Should abortion be a legal right?

Brian Mukalazi

What you need to know:

But if the health concerns are far less serious, abortion shouldn’t be an option




Abortions

In 1954, while at the University of Wisconsin in the United States, Abdul Fattah Jandali, a Syrian immigrant and a teaching assistant met a young graduate student named Joanne Carol Schieble. The two quickly fell in love and not long after, Joanne was pregnant.

However, they were not ready to become parents! Coming from a conservative German-Catholic family, Joanne’s parents were not supportive of the young unwed couple’s relationship. And according to press reports, Joanne’s father threatened to withhold on-going financial assistance if she didn’t break up with her Muslim boyfriend.

The couple decided against abortion but chose to place their baby for adoption. And shortly after the son was born on February 24, 1955, he was adopted by a lower-middle-class American couple. The baby was named Steve Jobs and his adoptive parents were Paul and Clara Jobs.

It is Steve Jobs who later went on to become one of the world’s most innovative and visionary business leaders. He not only co-founded Apple Inc., but he also revolutionized the technology, music and entertainment industries.

This miraculous story came to my mind on Friday, June 24 when the U.S Supreme Court overturned the (in) famous Roe v. Wade ruling, holding that there is no longer a federal constitutional right to an abortion. 

In 1973, court had ruled that pregnant women were entitled to an abortion during the first three months of their pregnancy, while allowing for legal restrictions in the second and third trimester.

But the Supreme Court has now overturned that earlier ruling, effectively making it possible for U.S States to ban abortions earlier than three months.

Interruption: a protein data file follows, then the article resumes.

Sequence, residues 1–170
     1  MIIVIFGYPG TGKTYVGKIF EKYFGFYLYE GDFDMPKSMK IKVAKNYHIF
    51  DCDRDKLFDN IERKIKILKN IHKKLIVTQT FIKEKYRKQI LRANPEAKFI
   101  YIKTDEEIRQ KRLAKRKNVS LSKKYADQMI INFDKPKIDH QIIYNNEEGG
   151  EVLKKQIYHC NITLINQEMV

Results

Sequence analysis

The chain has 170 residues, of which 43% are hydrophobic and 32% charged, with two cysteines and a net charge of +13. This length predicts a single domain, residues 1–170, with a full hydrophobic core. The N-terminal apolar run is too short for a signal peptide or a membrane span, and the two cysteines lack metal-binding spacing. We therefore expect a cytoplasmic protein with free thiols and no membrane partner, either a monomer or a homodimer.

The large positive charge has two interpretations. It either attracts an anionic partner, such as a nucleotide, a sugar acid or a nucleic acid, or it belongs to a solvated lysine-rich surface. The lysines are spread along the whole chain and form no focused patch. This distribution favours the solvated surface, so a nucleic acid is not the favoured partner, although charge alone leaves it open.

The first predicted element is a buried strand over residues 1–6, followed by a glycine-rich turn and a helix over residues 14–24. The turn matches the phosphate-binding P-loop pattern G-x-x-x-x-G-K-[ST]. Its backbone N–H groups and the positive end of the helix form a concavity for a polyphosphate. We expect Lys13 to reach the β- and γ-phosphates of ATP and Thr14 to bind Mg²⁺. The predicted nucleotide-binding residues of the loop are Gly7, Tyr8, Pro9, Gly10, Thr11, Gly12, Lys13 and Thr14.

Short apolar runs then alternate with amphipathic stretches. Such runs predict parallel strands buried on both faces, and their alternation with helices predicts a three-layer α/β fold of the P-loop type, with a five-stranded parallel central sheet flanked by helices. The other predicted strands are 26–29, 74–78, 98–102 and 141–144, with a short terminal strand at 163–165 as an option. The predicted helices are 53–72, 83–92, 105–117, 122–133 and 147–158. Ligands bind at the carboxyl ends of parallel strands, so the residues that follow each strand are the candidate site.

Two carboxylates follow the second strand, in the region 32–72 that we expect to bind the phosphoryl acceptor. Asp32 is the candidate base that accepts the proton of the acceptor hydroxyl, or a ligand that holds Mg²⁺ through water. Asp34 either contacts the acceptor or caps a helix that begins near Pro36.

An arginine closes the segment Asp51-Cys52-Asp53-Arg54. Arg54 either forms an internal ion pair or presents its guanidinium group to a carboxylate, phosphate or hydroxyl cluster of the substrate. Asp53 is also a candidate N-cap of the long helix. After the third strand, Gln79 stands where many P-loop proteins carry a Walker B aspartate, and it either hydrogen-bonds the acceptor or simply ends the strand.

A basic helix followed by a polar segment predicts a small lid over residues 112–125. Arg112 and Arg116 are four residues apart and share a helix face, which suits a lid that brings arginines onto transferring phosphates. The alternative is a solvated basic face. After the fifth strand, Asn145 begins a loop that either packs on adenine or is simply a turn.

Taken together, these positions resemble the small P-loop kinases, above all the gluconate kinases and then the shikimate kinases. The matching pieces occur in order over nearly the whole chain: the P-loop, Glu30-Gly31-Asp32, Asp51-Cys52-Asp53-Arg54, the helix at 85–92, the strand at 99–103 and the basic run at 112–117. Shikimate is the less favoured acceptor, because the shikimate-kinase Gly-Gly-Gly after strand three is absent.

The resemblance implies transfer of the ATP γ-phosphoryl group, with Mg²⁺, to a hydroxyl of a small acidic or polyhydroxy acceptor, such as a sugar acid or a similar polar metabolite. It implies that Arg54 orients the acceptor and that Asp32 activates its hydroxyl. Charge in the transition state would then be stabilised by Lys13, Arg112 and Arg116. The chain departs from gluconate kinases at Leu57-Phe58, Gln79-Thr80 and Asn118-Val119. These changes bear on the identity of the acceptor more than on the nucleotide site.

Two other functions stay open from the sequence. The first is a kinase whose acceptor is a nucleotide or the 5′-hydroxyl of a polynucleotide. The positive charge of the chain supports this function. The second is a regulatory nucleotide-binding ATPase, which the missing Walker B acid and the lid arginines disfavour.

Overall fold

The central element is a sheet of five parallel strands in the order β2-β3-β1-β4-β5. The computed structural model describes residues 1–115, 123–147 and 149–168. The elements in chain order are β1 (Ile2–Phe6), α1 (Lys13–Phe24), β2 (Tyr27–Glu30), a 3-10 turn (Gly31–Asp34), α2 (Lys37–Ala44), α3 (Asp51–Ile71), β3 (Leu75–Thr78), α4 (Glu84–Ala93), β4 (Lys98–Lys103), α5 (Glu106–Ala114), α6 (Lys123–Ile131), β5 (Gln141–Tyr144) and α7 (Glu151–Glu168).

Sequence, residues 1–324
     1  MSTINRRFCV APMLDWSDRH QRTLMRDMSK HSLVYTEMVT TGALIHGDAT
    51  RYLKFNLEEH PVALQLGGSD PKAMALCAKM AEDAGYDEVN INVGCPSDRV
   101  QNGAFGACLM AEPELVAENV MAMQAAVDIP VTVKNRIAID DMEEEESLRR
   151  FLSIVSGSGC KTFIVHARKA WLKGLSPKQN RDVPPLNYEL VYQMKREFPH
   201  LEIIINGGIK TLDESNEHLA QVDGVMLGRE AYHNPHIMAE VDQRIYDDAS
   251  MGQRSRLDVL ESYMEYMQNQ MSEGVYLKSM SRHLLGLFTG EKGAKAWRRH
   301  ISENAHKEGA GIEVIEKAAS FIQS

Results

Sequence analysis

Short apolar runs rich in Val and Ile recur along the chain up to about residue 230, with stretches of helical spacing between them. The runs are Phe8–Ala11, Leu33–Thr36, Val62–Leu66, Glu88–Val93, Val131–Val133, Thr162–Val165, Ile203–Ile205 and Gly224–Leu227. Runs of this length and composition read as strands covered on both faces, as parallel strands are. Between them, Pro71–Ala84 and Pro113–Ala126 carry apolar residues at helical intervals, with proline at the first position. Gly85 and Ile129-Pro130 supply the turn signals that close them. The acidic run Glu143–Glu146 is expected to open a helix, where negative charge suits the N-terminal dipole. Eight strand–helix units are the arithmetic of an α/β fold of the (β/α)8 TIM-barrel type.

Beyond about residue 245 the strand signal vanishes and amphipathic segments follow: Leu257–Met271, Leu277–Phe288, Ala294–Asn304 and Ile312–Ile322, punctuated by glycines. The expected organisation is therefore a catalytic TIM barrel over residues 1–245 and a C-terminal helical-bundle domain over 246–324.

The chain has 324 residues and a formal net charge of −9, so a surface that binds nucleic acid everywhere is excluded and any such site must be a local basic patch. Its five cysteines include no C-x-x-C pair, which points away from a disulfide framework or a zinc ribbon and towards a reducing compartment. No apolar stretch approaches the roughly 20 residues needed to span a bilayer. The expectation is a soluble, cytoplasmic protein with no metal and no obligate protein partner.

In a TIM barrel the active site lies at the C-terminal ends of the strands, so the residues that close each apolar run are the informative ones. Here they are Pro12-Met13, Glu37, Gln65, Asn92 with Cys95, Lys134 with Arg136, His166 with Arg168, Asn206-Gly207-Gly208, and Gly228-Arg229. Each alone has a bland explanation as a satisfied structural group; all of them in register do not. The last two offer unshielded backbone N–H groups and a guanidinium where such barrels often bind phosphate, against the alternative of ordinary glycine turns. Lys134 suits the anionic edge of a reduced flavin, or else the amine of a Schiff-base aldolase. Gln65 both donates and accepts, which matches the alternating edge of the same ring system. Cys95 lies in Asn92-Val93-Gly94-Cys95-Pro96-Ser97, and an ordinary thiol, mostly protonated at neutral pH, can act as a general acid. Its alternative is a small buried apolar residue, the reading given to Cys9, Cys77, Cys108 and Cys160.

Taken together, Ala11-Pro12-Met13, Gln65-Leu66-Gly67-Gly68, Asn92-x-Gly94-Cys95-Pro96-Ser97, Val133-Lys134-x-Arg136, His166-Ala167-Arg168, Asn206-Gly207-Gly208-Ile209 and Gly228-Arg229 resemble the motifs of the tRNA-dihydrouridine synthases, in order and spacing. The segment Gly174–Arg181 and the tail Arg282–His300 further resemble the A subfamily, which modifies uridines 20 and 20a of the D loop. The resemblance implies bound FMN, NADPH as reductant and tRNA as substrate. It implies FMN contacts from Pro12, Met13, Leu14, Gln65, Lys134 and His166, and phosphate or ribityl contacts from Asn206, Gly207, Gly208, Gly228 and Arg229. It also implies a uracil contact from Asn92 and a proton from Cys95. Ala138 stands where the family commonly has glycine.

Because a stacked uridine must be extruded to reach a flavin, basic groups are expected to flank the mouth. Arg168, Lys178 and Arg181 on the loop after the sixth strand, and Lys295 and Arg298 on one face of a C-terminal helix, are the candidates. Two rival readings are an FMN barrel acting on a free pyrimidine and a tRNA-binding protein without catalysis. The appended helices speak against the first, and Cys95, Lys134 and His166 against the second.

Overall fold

This historic ruling has sent shockwaves throughout the Us and across the entire globe. The decision has attracted a mixture of reactions - dissent and praise - from different parties. And most of the dissenters believe that women’s rights are under attack.

To ban or not-to ban abortion is a real catch 22 situation and it’s one of those issues that would perplex the veteran and surprise the beginner.

But I for one, my opinion is a pretty conservative one: I believe that abortion is mankind’s greatest sin. It’s unfortunate that babies are being sacrificed just because they are not convenient.

Today, so many people live only for themselves, and have convinced themselves that babies are only important if you want to keep them. “My body, my choice” is a common phrase nowadays.

Parents have no trouble talking about their “baby” before it is born when they want to have a child but when an abortion is desired, they never talk about the baby, they use words such as “fetus”.

And one may ask: How about if the pregnancy is as a result of rape? I know. Rape is a horrible thing and I would never wish it for any woman but then, you can’t make it better by taking life of an innocent child. Rape shouldn’t take away our humanity, it shouldn’t turn us into murderers!

One of the few exceptions I can think of is when abortion is considered for health reasons. But this is even more complex. It should really depend on what the health concerns are.

Certainly, if the mother is going to die, and a choice has to be made, I can understand letting the mother live. But if the health concerns are far less serious, abortion shouldn’t be an option.

I have always wondered: What if Steve Job’s biological parents had decided to abort him? Would the world of technology, music and entertainment be as it is today? I don’t think so! Their choice helped to push the human race forward.

Mr Brian B. Mukalazi is a Ugandan Executive and a Socio-Economic Thinker. [email protected]

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